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Long-term effects of vent dynamics on the genetic structure of populations in hydrothermal vent alvinellid polychaetes
Jollivet, D.; Chevaldonné, P.; Planque, B. (1997). Long-term effects of vent dynamics on the genetic structure of populations in hydrothermal vent alvinellid polychaetes, in: Biologie des sources hydrothermales profondes = Biology of deep-sea hydrothermal vents: Journées d'échanges du Programme DORSALES = DORSALES Workshop Roscoff 6-8 octobre 1997. Cahiers de Biologie Marine, 38(2): pp. 127
In: (1997). Biologie des sources hydrothermales profondes = Biology of deep-sea hydrothermal vents: Journées d'échanges du Programme DORSALES = DORSALES Workshop Roscoff 6-8 octobre 1997. Cahiers de Biologie Marine, 38(2)[s.n.][s.l.]. 111-149 pp., more
In: Cahiers de Biologie Marine. Station Biologique de Roscoff: Paris. ISSN 0007-9723, more
Peer reviewed article  

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Keyword
    Marine

Authors  Top 
  • Jollivet, D.
  • Chevaldonné, P., more
  • Planque, B.

Abstract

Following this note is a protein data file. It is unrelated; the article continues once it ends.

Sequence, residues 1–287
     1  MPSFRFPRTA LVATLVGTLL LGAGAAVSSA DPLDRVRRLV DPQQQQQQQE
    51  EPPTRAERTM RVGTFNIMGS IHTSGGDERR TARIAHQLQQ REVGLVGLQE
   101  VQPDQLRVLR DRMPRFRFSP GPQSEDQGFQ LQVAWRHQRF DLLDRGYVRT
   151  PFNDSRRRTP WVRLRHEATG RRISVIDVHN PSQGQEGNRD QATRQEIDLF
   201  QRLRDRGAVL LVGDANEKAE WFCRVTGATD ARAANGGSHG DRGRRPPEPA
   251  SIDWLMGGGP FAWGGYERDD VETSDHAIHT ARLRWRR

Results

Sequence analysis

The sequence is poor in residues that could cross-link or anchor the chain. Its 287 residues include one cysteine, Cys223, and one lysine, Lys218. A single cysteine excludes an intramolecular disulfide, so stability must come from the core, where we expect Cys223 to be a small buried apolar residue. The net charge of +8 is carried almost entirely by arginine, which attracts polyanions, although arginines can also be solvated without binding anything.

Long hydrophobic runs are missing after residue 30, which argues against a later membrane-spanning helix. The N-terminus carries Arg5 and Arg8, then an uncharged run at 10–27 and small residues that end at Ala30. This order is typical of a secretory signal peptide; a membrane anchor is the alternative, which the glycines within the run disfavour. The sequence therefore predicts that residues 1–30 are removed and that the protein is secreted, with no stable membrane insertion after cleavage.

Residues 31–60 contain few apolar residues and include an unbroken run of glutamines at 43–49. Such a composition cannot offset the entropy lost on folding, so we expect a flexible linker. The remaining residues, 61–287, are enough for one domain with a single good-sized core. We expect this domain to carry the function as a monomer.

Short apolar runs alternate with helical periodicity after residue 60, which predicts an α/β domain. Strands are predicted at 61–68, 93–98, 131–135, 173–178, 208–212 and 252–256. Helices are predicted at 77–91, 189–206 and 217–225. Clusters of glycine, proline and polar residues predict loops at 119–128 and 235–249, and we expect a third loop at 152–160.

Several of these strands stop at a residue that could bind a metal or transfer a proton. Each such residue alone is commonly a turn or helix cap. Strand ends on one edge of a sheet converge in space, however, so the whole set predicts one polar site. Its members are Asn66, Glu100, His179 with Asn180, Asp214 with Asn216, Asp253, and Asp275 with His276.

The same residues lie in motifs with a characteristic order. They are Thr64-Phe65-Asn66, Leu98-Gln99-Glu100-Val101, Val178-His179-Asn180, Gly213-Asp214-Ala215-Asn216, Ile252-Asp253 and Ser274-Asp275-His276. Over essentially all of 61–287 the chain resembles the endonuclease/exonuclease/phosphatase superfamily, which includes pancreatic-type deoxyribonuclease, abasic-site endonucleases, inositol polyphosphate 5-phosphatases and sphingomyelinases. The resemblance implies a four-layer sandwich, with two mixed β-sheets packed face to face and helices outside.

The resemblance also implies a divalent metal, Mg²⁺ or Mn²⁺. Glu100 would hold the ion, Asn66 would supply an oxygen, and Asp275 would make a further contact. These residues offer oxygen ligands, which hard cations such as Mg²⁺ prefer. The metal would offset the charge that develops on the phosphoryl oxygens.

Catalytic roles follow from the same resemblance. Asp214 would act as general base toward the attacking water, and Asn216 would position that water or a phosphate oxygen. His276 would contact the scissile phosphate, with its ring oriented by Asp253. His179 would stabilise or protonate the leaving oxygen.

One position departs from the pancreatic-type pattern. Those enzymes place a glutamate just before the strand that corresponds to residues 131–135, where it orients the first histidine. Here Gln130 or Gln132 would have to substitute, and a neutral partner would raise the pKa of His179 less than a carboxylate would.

Dispersal strategies so far inferred from deep-sea hydrothermal vents seem to be constrained by phylogenetic features rather than habitat. Deep-sea vent mussels or archaegastropods exhibit long-range dispersal planktonotrophic larvae whereas several vent polychaetes or galatheid crabs appear to undergo benthic developmental stages. However, most of the vent species apparently succeed in maintaining a genetic homogeneity among disjunct populations over connected ridge systems. Such a paradox could be explained by the vent instability. In situ observations have shown that hydrothermal activity is shifting along fast-spreading centers, and generates numerous ephemeral vents which life-time does not exceed a few 10s of years. Vent instability is likely to generate continuous extinction/recolonization patterns in populations but could also imply the coalescence and splitting of venting areas in a chaotic fashion. It may therefore produce transient contact-zones between populations. In order to test this hypothesis, temporal evolution of the genetic structure of alvinellid populations was assessed at a fictitious diallelic locus using a neutral (no selection) model in which migration, genetic drift and vent-site spatial-temporal dynamics are considered. The principle of such a model is to alternate periods of generations in which populations settle, grow and exchange migrants according to a specific mode of dispersal, and chaotic events in which a varying proportion of randomly-chosen vent-sites is relocated as new venting areas, these areas being devoid of organisms and therefore recolonized by migrants originated from nearby populations. The effect of vent displacement, dispersal mode, larval travelling time and vent extinction rate were tested on alvinellid populations by following the whole metapopulation size, the total number of migrants and the allelic frequency at each population over 100 000 generations. As little is actually known about the entire larval life of alvinellid polychactes, alternative dispersal situations (dispersal modes 1-4) in which varying proportions of offsprings settle in their own mother population, from high self-recruitment to no self-recruitment at all, were tested.

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